My research focuses on creating a complete and discoverable profile of the indigenous print records post-1850 held at the British Library. Considered within debates on the global responsibilities of institutions in collecting, preserving and promoting indigenous languages, this seeks to progress understandings on the contemporary use and value of indigenous records, to provide recommendations for indigenizing digital research and to centre decolonizing methodologies within institutional practice.
Specifically, the project considers the ethical issues and effectiveness of employing digital methods to indigenous language texts by exploring tensions between the common architectures of the digital humanities and the complexities of capturing cultures based in orality, tradition and place. By historicising the contribution of digital methods and archiving practice to the displacement and damage of indigenous cultures, it will consider methods such as: collaborative metadata creation; critical-making methodologies and open-source programs that embed indigenous cultural protocols to create appropriate platforms for language revitalisation. This PhD also aims to recommend how a sustainable and ethical curatorial model for the British Library may be achieved by creating relationships with user communities through responsive and nuanced collection practice and community focused outputs.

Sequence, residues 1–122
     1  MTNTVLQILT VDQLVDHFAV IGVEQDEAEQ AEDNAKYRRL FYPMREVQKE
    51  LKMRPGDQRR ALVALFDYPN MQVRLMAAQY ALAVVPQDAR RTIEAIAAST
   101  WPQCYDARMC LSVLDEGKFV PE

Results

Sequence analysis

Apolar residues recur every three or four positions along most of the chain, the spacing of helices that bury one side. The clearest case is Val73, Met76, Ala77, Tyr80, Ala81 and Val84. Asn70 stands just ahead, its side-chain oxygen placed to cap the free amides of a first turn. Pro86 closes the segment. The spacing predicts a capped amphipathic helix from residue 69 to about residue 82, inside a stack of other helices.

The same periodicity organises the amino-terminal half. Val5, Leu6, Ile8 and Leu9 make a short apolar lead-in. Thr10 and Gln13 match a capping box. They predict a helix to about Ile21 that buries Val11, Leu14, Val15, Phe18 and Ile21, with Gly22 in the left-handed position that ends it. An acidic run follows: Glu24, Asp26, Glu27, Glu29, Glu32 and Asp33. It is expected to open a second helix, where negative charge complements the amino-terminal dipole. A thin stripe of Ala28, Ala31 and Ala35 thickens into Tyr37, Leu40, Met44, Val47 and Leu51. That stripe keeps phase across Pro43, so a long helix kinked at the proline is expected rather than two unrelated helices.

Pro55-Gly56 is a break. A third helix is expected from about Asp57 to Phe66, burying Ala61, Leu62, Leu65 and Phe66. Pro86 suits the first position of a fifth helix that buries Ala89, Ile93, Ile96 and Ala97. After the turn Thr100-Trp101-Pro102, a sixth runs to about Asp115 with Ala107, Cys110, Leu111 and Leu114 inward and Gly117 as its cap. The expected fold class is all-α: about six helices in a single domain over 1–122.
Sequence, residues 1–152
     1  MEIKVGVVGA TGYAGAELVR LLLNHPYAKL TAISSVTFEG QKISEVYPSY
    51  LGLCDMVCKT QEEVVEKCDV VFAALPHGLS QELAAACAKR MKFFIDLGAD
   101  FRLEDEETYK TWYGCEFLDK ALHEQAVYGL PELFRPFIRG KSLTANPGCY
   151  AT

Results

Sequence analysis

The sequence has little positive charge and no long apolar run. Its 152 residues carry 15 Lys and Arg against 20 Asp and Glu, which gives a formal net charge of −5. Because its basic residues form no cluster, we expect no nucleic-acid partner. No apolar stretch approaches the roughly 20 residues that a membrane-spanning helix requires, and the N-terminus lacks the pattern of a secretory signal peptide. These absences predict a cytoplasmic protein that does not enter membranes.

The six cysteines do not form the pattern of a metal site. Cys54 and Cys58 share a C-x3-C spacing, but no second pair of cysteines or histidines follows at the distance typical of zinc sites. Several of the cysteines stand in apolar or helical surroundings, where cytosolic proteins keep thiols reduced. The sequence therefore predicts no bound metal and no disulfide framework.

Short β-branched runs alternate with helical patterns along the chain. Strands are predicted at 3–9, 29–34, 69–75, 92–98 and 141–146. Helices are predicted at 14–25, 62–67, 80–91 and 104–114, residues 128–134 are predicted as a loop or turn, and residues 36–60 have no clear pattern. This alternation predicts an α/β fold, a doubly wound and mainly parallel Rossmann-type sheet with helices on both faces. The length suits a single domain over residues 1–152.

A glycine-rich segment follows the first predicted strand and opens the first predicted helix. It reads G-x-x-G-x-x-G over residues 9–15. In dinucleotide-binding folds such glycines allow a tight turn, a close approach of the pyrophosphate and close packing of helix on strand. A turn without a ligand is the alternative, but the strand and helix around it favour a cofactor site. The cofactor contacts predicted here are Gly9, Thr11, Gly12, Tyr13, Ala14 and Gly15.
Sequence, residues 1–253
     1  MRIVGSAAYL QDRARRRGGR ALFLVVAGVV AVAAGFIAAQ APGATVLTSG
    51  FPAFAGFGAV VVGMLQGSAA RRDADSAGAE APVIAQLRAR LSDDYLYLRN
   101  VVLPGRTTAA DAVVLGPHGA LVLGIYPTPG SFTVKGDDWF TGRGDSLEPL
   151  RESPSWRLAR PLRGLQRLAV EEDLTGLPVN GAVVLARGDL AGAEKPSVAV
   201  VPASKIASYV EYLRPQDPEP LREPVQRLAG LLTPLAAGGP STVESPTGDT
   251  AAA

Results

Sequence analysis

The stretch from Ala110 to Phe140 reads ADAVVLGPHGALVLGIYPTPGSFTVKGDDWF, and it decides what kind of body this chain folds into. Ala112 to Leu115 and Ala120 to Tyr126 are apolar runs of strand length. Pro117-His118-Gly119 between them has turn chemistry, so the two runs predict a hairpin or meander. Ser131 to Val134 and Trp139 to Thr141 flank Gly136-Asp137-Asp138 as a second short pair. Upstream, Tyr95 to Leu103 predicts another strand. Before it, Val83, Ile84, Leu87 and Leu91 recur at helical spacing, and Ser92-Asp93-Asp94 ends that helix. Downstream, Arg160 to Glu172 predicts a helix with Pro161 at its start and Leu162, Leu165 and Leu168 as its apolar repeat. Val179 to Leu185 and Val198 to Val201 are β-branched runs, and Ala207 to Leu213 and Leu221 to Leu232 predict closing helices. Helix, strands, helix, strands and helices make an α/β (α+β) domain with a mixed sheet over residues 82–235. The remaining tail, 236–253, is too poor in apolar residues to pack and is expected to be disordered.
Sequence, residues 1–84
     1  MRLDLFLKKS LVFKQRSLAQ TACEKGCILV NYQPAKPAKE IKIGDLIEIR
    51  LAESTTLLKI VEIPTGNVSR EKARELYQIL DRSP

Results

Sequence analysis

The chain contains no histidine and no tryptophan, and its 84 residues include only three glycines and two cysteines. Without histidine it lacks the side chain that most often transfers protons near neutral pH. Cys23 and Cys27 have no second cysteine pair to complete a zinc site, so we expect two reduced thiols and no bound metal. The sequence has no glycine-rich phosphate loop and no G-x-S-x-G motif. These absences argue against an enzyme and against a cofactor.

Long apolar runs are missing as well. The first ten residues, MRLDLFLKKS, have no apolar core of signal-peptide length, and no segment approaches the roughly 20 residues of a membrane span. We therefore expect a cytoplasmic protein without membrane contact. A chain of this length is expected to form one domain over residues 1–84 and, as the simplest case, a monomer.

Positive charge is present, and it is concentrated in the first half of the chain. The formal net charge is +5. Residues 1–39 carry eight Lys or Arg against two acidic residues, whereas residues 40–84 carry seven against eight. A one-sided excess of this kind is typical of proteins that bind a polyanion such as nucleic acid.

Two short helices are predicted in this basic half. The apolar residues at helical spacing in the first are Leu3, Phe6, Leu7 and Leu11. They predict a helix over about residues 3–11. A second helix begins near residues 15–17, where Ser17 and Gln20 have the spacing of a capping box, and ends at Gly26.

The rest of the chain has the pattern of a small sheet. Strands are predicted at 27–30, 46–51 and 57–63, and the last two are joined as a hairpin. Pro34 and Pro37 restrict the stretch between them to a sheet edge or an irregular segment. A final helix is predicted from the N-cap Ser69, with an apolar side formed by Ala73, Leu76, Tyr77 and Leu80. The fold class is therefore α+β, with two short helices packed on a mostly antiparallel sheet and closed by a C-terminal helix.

Before beginning my PhD, I gained a 1:1 BA International (Hons) in History and Philosophy (2016) and a Distinction in Social and Cultural History (2017) from the University of Leeds. During this time, I spent a year studying at the Victoria University of Wellington, New Zealand. I have taken a two-year break from academia, working within student unions to create and empower different student communities.